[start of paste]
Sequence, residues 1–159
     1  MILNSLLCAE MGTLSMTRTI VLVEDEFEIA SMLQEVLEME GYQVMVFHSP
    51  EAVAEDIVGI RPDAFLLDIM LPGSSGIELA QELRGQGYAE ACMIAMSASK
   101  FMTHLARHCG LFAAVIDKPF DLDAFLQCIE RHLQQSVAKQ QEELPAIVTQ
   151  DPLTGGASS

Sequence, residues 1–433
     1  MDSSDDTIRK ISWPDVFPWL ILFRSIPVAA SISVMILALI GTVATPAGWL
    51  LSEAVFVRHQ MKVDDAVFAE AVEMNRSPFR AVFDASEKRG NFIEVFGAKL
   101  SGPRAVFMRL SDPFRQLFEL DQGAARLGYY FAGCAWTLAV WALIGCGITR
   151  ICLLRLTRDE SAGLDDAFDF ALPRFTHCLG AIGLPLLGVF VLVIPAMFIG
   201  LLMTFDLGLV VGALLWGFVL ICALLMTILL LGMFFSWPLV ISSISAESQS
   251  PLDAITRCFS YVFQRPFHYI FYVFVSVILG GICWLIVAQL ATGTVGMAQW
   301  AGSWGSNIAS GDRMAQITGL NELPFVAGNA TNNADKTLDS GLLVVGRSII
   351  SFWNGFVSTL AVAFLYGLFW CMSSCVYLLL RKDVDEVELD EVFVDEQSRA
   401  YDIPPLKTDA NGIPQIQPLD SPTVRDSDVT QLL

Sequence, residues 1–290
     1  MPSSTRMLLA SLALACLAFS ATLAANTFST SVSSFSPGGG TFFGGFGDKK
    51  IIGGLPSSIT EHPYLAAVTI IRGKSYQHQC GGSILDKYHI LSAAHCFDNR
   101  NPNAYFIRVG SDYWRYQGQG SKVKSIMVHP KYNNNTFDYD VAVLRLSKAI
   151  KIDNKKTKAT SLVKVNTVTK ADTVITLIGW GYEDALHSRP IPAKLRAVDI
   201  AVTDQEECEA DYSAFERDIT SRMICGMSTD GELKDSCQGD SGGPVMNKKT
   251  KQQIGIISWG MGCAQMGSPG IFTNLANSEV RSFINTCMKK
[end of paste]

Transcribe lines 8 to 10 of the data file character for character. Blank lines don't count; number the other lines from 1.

    51  LSEAVFVRHQ MKVDDAVFAE AVEMNRSPFR AVFDASEKRG NFIEVFGAKL
   101  SGPRAVFMRL SDPFRQLFEL DQGAARLGYY FAGCAWTLAV WALIGCGITR
   151  ICLLRLTRDE SAGLDDAFDF ALPRFTHCLG AIGLPLLGVF VLVIPAMFIG